Colorado has its own secession movement. Six counties vote in November on creating the state of North Colorado.
They hope to be joined by like-minded counties in Kansas and Nebraska.
In Michigan, residents in the Upper Peninsula feel isolated and unappreciated and want to secede.
In New York, politicians have proposed various secessions for New York City, Long Island, conservative parts of the Big Apple and upstate New York.
In California, partition proposals frequently surface. In 1965, the state Senate voted 27-12 to split the Golden State in two.
In Texas, the independence movement remains active. The Texas Nationalist Movement claims 250,000 members, though its website reminds seniors that under secession they’ll still receive their U.S. Social Security checks.
What binds these movements is disillusionment and a feeling of disenfranchisement. America is changing and they don’t like it.
Urban and increasingly dense suburban communities control state legislatures. Residents there are growing more polyglot. What was once a white, church-going nation of farmers and small merchants is no more.
The battle to preserve and protect rural America really was lost in 1787.
That’s when urban Federalists led by Alexander Hamilton had the votes to write a Constitution creating a strong central government. This sealed the fate of Jefferson’s agrarian republic in which states would hold the power to define and defend individual rights and liberties.
Pockets of discontent with the governance structure championed by Hamilton and Washington have never disappeared. The only movement that achieved its goal was the breakaway of 50 pro-Union northwestern counties from Virginia during the Civil War to establish West Virginia in 1863. (Few landowners in mountainous western Virginia had slaves.)
Texas also seceded, but from Mexico, gaining its independence in 1836.
Nine years later, in 1845, the Republic of Texas voted to join the United States.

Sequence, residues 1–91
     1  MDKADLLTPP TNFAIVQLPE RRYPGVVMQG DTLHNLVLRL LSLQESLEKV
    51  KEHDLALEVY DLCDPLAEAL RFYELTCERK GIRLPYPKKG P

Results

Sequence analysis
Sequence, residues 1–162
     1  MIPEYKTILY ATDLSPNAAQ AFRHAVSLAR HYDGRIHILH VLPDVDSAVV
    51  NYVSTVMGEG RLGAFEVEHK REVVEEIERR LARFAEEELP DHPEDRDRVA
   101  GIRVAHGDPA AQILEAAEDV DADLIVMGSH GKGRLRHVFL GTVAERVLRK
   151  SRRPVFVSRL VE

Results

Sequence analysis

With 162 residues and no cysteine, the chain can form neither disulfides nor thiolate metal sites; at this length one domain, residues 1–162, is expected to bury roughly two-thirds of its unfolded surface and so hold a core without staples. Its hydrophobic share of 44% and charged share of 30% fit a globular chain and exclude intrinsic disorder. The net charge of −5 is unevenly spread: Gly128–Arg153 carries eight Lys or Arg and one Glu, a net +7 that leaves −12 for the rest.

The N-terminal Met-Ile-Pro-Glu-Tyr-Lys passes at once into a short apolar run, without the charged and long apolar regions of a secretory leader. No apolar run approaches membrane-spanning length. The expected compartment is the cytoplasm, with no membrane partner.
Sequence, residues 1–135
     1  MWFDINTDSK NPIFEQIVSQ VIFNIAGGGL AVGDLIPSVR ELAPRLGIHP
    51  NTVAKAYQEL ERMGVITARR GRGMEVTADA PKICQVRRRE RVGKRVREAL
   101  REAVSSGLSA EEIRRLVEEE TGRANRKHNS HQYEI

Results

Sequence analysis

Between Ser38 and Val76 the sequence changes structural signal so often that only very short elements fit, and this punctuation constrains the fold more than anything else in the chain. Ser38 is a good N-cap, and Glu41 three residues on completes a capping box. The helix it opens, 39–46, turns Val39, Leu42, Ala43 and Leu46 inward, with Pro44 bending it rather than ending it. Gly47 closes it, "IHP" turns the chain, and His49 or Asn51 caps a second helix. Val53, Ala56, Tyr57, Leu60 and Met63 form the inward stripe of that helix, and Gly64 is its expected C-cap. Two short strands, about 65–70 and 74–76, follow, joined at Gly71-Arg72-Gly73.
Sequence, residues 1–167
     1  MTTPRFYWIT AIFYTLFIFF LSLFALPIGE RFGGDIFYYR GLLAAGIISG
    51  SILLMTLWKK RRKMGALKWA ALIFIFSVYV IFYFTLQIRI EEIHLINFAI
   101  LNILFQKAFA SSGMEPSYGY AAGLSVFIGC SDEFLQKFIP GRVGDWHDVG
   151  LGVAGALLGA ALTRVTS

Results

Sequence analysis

Door No. 1, No. 2 or No. 3?
For those unhappy with the current state of affairs in Maryland, there are three realistic options to consider.
That’s been the answer for many discontented Americans. Religious minorities that felt persecuted sought greener pastures. Those wishing to control their destiny or start a new life moved into the western frontier.
There are plenty of states where strong conservative views predominate. Pick one and live there.
Stay and complain.
Shout at the top of your lungs at public gatherings. Write angry letters to the editor. Vent your spleen on blog posts.
None of this helps achieve your objective. In fact, it turns off the electorate and leaders who count.
But it is salutary and a form of therapeutic self-expression.
Stay and fight.
People with deeply held libertarian or conservative views probably will never be in the majority in Maryland.
Still, they have a shot at influencing public policy with thoughtful, innovative ideas and a willingness to debate, explain, compromise and work collaboratively with those in power. Incremental steps add up over time.
It comes down to whether you want to make a difference or make a statement.
In this country, thank goodness, the choice is yours.